Congrats, you’ve been able to take on a few steady freelancing clients of your own!
But now you might be wondering at what point it makes sense to try and scale? After all, we each only have those same 24 hours each day to work with.
As I see it, you can scale in a few different ways:
- Start an agency
- Hire help (i.e. a virtual assistant)
- Subcontract out work
I’ve never really been interested in the agency model, but I do have a lot of experience with both number two and number three. And in some respects hiring help and subcontracting overlap one another.
Today we’re going to chat about the what, why, when and how of subcontracting. And as we do so, I’d like you to keep in mind my definition of subcontracting: Paying someone to help you with part or all of an assignment.
Table of Contents
What Should You Subcontract?
Although you can subcontract in numerous freelance industries, we’re going to use freelance writing as our primary example today.
So what in the realm of freelance writing can you sub out? Here are a few examples to get you started:
- Writing a first draft
Let’s take a look at each in turn.
Let’s face it, generally the higher paying freelance writing gigs take a bit more time and a bit more effort than writing for your own blog or a personal essay, for example.
You might need to come up with some stats, interview industry leaders or learn more about a topic that you can’t currently claim expert status in. And maybe this isn’t your favorite part of writing. Or it isn’t the most profitable for you, because you’re not that great at or overly efficient when doing research.
Outlining can also be time intensive. Maybe your strengths lie in getting to business and cranking out content.
If this is the case, then subbing out the outlining part of writing can save you a bunch of time and make your work more enjoyable. And it might make you a heck of a lot more efficient too!
Writing a First Draft
Or maybe you really like the researching, outlining and/or editing parts of writing.
Maybe you rock at prospecting and have no problem getting clients. But doing too much writing burns you out. Subbing out the first draft might work great for you.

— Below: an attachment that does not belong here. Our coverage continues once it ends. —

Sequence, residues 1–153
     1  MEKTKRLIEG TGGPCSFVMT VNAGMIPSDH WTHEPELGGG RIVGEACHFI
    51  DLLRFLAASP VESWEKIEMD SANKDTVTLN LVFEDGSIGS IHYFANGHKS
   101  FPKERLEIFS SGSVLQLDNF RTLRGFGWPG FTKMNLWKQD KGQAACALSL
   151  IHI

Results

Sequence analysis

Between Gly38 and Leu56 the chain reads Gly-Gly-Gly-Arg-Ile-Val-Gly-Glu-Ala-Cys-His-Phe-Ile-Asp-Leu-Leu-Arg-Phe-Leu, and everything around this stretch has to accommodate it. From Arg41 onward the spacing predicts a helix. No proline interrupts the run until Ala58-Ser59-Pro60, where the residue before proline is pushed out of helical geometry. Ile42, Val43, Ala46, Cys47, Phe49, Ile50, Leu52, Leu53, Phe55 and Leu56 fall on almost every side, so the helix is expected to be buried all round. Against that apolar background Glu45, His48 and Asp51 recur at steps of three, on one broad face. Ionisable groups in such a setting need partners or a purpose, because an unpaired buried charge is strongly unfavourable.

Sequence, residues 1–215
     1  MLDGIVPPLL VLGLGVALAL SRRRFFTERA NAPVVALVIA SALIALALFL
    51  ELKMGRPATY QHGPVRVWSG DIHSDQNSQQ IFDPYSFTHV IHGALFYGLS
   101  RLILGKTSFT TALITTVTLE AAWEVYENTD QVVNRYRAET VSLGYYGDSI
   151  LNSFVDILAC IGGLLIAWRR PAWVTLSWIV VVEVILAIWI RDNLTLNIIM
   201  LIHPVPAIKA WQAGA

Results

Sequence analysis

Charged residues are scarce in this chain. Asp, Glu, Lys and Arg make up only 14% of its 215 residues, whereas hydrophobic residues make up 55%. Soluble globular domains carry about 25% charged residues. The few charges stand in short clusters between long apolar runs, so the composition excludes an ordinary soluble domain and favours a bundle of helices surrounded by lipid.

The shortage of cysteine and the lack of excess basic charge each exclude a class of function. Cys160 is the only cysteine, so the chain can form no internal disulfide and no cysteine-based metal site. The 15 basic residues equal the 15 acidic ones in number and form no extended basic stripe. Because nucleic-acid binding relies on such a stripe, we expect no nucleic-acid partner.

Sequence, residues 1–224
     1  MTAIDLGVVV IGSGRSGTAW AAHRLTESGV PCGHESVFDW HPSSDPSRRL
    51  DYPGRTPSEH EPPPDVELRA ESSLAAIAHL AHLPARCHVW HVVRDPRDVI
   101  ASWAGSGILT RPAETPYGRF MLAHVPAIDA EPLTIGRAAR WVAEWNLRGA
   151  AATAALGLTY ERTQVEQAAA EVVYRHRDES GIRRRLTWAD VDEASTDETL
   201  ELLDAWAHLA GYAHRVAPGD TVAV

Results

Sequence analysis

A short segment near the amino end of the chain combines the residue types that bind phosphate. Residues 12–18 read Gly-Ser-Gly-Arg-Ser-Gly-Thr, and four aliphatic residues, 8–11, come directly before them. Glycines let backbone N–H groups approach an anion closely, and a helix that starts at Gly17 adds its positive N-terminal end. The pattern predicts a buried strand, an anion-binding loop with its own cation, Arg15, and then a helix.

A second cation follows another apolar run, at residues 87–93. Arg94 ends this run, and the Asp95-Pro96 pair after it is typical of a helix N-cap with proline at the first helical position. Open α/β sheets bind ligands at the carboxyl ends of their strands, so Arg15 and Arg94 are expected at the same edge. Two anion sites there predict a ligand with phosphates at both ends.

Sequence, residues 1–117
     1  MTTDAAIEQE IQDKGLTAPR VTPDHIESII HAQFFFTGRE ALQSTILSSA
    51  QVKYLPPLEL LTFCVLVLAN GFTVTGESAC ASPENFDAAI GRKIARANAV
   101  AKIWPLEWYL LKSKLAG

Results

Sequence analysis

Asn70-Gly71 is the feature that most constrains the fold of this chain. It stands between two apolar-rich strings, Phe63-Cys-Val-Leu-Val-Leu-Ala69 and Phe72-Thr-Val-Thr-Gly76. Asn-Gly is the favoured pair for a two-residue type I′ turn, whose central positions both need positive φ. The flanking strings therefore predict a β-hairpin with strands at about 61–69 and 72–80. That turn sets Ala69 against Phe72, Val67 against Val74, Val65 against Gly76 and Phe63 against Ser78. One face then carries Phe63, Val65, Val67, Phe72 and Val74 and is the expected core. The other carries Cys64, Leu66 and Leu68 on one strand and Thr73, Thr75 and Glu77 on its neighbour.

When I sub out writing work, it’s either the above (research, outlining or writing of the first draft) and then I’ll go in and edit the piece for readability, flow, grammar and to suit my or the client’s voice (depending on if it’s ghostwritten or if it’s my byline).
Other times, I’ll sub out the editing part. I’ll do the writing, but then have someone else edit for the above, add related links, stats or direct quotes from sources. It all depends on my current client load, what I’m enjoying doing (or not enjoying) at the moment, etc.
Yes, you can totally sub out prospecting if that’s not your strong suit.
I’m a geek and kinda love pitching, so it’s not something I’ve really done in the past, but there’s nothing to say that you can’t give it a shot. You could sub out researching prospects to pitch, the actual pitching, follow-up or the whole process.
Just make sure that the person is representing you correctly if you let them own the entire process!
Why Should You Subcontract?
I see three main reasons why you might want to subcontract:
- Make more money
- Diversify your business
- Prepare for the unexpected
Make More Money
This one is probably pretty obvious.
The main reason that people sub out work is to scale and make more money. My rule of thumb is paying someone 50% of the fee if I’m subbing out the whole project and just doing the final copy editing myself.
As a freelancer, work isn’t guaranteed. You never know when a client might move on from you or vice versa. Taking on additional clients and subbing out some or all of the work is a great way to diversify that particular risk.
Diversify Your Business